With beautiful flowers, live music and fireworks over the water, this is a springtime event that you don’t want to miss!

Rideau Falls:

Located at a short walk from Rideau Hall, the governor general of Canada’s residence, these lovely twin waterfalls mark the spot where the Rideau River and the Ottawa River meet. According to the NCC, this green area was an industrial park in the 1800s that was powered by the now iconic Ottawa waterfalls.

Opt to see the cascades of water from the top or get on an Ottawa River boat cruise and get as close to the falling water as possible. This is a popular tourist attraction and you’ll definitely want a photo, so have your camera ready. Also, if you opt for a guided boat cruise, you’ll be able to take in more iconic Ottawa sights such as Parliament Hill and the Canadian Museum of History, which is Canada’s most visited museum.

A little further from the downtown core but also worth visiting are the Prince of Wales Falls, which are more commonly known as Hog’s Back Falls. Depending on the season and the amount of water needed to fill the famous Rideau Canal, these falls, which are controlled by a dam, switch between a slow trickle and a raging torrent of whitewater. In each state however, Hog’s Back Falls are quite nice to see and present visitors with a lovely photo opportunity.

Rideau Canal:

Stretching and snaking its way through downtown Ottawa, the Rideau Canal is one of the city’s most famous landmarks. Did you know that a large part of this historic, UNESCO World Heritage Site waterway was actually dug out by hand? It’s true!

Visiting Ottawa this summer? Discover the scenic canal by boat. Hop on Rideau Canal Cruises’ electric bateau mouche and learn about the canal as you glide along gently. Alternatively, head to the Dows Lake Pavilion to rent a canoe, kayak or pedal boat and explore the Rideau Canal on your own. Or if you’d rather not be on the water, enjoy the scenic canal by strolling or cycling on the pathways that line its beautiful banks.

This is even a site that can be visited year-round! In the winter months (from roughly early January to late February), the Rideau Canal freezes over to become the Rideau Canal Skateway; the largest skating rink in the world as designated by Guinness World Records. Put on your skates or rent a pair and glide over the 7.8 kilometres (4.8 miles) of ice that extend from Ottawa’s downtown core all the way to Dows Lake. No matter what season you visit in; the Rideau Canal is sure to delight!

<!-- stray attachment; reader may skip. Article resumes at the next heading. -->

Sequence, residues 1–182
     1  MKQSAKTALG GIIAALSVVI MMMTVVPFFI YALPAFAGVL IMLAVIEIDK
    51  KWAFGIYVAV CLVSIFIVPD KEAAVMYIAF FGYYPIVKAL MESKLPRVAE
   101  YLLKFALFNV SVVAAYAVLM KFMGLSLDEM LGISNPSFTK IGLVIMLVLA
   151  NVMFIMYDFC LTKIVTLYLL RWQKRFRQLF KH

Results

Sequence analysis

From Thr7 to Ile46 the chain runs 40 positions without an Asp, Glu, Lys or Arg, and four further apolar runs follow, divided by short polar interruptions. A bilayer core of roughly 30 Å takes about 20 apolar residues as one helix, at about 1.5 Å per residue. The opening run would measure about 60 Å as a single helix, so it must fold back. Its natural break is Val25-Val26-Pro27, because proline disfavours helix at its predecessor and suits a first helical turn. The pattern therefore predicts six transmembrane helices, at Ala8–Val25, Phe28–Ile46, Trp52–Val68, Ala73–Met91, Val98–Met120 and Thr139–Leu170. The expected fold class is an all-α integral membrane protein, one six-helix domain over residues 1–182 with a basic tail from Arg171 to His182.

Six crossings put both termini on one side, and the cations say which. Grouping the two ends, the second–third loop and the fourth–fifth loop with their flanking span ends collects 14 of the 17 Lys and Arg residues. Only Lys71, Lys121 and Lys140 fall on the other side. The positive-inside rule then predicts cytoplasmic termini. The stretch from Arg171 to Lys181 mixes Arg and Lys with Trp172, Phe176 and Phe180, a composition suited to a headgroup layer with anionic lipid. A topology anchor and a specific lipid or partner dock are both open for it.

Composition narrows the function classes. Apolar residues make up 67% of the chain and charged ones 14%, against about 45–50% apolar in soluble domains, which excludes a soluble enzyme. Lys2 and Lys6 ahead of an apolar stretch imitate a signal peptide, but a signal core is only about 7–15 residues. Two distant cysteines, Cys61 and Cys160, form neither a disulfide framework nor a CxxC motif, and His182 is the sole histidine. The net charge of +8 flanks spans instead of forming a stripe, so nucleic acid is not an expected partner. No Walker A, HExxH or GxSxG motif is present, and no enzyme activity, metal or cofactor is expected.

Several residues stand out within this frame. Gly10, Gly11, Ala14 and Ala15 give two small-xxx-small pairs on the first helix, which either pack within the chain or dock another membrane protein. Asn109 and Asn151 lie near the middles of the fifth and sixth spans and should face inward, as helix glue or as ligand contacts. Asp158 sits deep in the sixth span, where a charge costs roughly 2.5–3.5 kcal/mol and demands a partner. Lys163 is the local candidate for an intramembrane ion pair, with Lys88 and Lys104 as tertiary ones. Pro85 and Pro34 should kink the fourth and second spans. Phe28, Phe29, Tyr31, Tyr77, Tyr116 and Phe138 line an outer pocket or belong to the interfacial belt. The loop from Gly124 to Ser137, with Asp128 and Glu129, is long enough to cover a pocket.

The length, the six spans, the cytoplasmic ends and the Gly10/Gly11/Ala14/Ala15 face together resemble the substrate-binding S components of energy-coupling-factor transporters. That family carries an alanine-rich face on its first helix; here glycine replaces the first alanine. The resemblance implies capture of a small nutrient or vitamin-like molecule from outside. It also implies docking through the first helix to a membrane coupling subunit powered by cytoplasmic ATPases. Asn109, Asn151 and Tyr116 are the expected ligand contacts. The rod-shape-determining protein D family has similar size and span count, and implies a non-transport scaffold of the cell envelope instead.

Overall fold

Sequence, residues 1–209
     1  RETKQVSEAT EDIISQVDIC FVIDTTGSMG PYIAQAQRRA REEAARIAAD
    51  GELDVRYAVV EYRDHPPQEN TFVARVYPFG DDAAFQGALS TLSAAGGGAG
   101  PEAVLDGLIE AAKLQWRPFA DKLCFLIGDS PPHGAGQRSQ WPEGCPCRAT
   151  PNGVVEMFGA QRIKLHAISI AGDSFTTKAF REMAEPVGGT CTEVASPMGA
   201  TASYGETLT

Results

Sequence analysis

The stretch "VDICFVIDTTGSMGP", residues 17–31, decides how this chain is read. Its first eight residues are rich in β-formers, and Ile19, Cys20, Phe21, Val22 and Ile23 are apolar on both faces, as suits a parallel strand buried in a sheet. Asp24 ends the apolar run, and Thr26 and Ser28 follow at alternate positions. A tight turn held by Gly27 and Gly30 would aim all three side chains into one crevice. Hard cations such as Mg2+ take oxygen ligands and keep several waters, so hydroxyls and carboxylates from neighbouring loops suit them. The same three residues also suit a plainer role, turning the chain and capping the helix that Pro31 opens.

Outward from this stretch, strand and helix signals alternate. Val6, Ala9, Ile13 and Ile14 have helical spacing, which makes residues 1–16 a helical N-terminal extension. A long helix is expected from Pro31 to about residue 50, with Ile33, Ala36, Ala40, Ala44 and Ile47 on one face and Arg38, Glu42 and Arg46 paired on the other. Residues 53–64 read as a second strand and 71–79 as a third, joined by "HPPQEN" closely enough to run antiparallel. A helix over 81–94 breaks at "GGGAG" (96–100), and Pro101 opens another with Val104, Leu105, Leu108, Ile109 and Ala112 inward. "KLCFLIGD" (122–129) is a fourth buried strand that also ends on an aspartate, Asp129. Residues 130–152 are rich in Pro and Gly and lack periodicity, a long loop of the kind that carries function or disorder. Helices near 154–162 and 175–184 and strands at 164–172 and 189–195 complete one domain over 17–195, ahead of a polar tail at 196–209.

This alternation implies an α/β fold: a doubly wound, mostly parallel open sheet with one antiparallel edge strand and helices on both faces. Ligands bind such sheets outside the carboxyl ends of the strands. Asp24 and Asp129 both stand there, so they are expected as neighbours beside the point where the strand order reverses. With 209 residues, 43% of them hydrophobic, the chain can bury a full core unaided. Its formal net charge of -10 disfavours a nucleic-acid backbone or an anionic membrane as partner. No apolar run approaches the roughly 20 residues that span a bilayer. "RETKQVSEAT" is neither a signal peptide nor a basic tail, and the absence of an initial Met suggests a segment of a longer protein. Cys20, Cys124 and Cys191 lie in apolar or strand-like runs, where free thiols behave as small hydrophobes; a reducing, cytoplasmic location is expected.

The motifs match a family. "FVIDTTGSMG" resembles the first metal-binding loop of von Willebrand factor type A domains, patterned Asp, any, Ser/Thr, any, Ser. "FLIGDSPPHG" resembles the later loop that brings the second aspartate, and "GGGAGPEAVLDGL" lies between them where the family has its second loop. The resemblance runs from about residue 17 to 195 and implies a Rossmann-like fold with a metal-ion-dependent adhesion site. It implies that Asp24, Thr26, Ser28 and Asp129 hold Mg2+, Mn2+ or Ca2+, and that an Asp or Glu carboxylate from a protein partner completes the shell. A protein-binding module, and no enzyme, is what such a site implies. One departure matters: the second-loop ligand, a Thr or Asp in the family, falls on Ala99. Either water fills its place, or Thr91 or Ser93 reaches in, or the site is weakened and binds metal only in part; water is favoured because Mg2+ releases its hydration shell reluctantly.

Whitewater Rafting:

West of Ottawa, in the area of Beachburg, Ont., you’ll find the city’s whitewater playground. This area, which is about an hour and a half drive from the downtown core, is home to some of the best whitewater adventure in the world! Did you know that Ottawa River is home to one of the top five whitewater rafting spots in the world?

Here, you’ll find several rafting companies that offer a variety of full-day or multi-day experiences ranging from gentle, family-focused rafting to high adrenaline, expert level adventure. Set out onto the river with your seasoned guide for a day of fun, complete with a barbecue lunch on the banks of the river. This is a favourite activity of visitors and locals alike!

Also, rafting in the Ottawa River region is a Canadian Signature Experience. Determined by Destination Canada, such an experience responds to a traveller’s desire to go beyond the beaten tourist path. The rafting season in Ottawa typically goes from May to September.

These are only a few ideas to get your visit to Ottawa started. To learn more about interesting outdoor activities, browse Ottawa Tourism’s website.